The problem was that, in the original wording, it could be argued that the Bill only applied to the funding of costs that relate to court proceedings, but not those relating to arbitration, or settlements. This has now been resolved by new wording to make clear that an LFA may relate to the payment of costs following court, tribunal or arbitration proceedings, or as part of a settlement. An LFA may also relate to the provision of advocacy or litigation services.

Meanwhile another government amendment was aimed at avoiding problems for litigants-in-person, by ensuring that the definition of LFAs in the Bill includes agreements to fund the expenses of LiPs, for example where they need to pay for an expert’s report.

During grand committee, peers also expressed their approval of the broad terms of reference that have now been published by the Civil Justice Council for its review of litigation funding, which will include an examination of whether the sector should be regulated; and if so, how. Peers commended the speedy timescale that the CJC has set itself, aiming to produce an interim report by the summer, and a full report by summer 2025.

As the Litigation Funding Agreements (Enforceability) Bill continues its journey through Parliament and the CJC begins work on its review, there are clearly significant changes on the way for the litigation funding sector in the UK.

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The CJC’s Review of Litigation Funding Will Have Far-Reaching Effects

By John Freund |

The following is a contributed piece by Tom Webster, Chief Commercial Officer at Sentry Funding.

Reform is on its way for the UK’s litigation funding sector, with the Civil Justice Council firing the starting gun on its review of litigation funding on 23 April.

The advisory body set out the terms of reference for its review, commissioned by lord chancellor Alex Chalk, and revealed the members of its core working group.

The review is working to an ambitious timetable with the aim of publishing an interim report by this summer, and a full report by summer 2025. It will be based on the CJC’s function of making civil justice ‘more accessible, fair and efficient’.

The CJC said it will set out ‘clear recommendations’ for reform in some areas. This includes consideration of a number of issues that could prove very significant for funders and clients. These include:

  • Whether the sector should be regulated, and if so, how and by whom;
  • Whether funders’ returns should be subject to a cap; and if so, to what extent;
  • The relationship between third party funding and litigation costs;
  • The court’s role in controlling the conduct of funded litigation, including the protection of claimants and ‘the interaction between pre-action and post-commencement funding of disputes’;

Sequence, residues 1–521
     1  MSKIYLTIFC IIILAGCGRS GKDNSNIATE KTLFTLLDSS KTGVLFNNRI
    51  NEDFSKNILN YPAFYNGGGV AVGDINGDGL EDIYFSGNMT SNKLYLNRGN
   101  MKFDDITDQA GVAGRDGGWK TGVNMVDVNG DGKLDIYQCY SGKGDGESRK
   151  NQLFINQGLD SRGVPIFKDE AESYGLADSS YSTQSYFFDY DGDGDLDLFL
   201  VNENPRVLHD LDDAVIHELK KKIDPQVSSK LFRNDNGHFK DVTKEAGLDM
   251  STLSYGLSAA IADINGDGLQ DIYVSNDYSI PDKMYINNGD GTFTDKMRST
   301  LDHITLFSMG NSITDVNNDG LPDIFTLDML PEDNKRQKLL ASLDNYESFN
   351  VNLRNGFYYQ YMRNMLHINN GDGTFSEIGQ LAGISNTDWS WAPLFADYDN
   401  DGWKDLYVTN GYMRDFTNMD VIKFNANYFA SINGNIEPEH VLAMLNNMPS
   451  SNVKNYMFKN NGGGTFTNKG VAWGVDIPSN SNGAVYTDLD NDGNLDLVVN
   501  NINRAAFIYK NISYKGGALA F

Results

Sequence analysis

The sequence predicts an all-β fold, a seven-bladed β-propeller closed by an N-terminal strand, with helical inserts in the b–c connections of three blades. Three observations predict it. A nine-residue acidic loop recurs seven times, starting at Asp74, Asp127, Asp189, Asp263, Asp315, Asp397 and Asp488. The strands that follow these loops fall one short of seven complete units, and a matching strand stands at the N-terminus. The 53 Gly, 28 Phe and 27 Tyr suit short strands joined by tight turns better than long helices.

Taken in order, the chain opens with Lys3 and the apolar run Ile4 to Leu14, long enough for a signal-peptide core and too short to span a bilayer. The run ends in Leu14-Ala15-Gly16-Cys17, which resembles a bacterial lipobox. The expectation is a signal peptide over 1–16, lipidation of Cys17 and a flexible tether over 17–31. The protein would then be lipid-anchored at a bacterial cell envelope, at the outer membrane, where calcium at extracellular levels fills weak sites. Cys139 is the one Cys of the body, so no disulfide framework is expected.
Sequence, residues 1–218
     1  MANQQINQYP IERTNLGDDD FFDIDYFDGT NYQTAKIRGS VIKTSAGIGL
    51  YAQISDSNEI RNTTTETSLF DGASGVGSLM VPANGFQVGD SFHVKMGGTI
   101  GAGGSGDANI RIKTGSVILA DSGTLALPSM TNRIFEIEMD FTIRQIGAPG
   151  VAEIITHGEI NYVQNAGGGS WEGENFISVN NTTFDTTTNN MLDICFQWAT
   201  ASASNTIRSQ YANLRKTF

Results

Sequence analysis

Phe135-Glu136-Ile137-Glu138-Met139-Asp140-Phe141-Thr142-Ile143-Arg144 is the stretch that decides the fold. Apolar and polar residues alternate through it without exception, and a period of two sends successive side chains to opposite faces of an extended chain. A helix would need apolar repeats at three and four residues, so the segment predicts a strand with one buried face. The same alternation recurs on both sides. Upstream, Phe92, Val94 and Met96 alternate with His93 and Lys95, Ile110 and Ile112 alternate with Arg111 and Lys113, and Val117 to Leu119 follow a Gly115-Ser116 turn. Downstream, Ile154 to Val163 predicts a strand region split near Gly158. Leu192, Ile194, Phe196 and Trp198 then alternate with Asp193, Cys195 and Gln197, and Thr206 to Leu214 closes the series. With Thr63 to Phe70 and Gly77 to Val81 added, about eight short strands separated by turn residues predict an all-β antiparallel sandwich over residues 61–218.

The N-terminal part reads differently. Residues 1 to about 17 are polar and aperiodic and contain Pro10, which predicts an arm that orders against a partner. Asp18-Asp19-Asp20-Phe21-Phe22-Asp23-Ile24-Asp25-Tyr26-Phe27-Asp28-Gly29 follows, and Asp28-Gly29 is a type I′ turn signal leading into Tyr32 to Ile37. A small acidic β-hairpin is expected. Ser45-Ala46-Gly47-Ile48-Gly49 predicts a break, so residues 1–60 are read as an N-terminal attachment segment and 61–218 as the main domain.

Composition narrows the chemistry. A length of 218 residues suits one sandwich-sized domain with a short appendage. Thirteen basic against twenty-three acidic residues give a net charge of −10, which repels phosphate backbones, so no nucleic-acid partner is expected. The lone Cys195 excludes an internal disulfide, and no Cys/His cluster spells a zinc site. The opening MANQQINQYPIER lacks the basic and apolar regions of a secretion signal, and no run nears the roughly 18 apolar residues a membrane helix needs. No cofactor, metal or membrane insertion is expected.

• Duties relating to the provision of funding, including potential conflicts of interest between funders, lawyers and clients;
  • Whether funding encourages ‘specific litigation behaviour’ such as collective action.

The review’s core working group will be co-chaired by CJC members Mr Justice Simon Picken, a Commercial Court judge, and barrister Dr John Sorabji. The four other members are:

  • High Court judge Mrs Justice Sara Cockerill, who was judge in charge of the commercial court 2020 – 2022, and who is currently involved in a project on third party funding for the European Law Institute;
  • Academic and former City lawyer Prof Chris Hodges, chair of independent body the Regulatory Horizons Council which was set up to ensure that UK regulation keeps pace with innovation;
  • Lucy Castledine, Director of Consumer Investments at the Financial Conduct Authority; and
  • Nick Bacon KC, a prominent barrister and funding expert who acts for both claimants and defendants

The CJC had said that it may also bring in a consumer representative, as well as a solicitor experienced in group litigation.

In a sign that the review seeks to be informed by a wide range of views, the CJC has also extended an invitation for experts to join a broader consultation group, which will directly inform the work of the review and provide a larger forum for expert discussion. Meanwhile the advisory body has said there will also be further chance ‘for all to engage formally with this review’ later this year.

Given the broad remit of the review and significant impact that its recommendations may have on the litigation funding industry, litigation funders, lawyers and clients would be well advised to make the most of these opportunities to contribute to the review.

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Legal and Ethical Considerations When Navigating Litigation Finance

By John Freund |

The following post was contributed by Jeff Manley, Chief Operating Officer of Armadillo Litigation Funding

In litigation finance, especially in mass torts and class actions, trust and success hinge on unwavering ethical practice and legal compliance. For attorneys and financial professionals navigating this complex field, a steadfast commitment to upholding ethical standards is not just ideal—it’s imperative. This article delves into the crucial considerations that must guide the intricate relationship between legal funding and professional integrity.